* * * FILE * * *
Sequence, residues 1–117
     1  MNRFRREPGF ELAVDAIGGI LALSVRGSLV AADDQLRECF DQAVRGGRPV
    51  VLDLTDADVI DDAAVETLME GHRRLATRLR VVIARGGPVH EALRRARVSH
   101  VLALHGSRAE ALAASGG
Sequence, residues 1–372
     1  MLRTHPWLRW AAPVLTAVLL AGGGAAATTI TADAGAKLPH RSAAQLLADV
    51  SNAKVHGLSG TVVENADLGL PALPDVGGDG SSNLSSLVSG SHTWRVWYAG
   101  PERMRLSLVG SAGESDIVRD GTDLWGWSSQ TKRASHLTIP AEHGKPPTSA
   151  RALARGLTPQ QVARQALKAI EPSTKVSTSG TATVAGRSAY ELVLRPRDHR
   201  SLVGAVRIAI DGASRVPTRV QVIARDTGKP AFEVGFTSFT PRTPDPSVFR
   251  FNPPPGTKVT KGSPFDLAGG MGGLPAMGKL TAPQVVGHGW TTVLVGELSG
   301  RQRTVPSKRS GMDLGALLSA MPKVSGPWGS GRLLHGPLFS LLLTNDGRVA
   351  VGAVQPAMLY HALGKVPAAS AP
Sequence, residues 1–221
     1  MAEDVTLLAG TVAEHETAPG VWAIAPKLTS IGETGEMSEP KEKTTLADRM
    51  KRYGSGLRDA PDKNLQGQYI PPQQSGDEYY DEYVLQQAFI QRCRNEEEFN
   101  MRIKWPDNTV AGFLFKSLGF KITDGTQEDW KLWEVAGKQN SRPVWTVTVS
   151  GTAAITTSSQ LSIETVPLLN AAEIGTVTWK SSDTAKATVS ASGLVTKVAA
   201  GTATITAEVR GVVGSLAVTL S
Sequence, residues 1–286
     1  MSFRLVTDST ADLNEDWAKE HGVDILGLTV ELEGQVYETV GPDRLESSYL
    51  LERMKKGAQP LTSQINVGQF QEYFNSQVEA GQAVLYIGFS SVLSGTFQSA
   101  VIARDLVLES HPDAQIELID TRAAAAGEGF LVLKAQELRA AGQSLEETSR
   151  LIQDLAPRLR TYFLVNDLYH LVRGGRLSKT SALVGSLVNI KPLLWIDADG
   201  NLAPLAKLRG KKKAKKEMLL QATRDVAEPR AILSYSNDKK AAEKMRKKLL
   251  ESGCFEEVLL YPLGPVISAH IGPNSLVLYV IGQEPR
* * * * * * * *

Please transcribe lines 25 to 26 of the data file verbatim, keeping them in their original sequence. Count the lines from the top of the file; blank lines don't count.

   201  NLAPLAKLRG KKKAKKEMLL QATRDVAEPR AILSYSNDKK AAEKMRKKLL
   251  ESGCFEEVLL YPLGPVISAH IGPNSLVLYV IGQEPR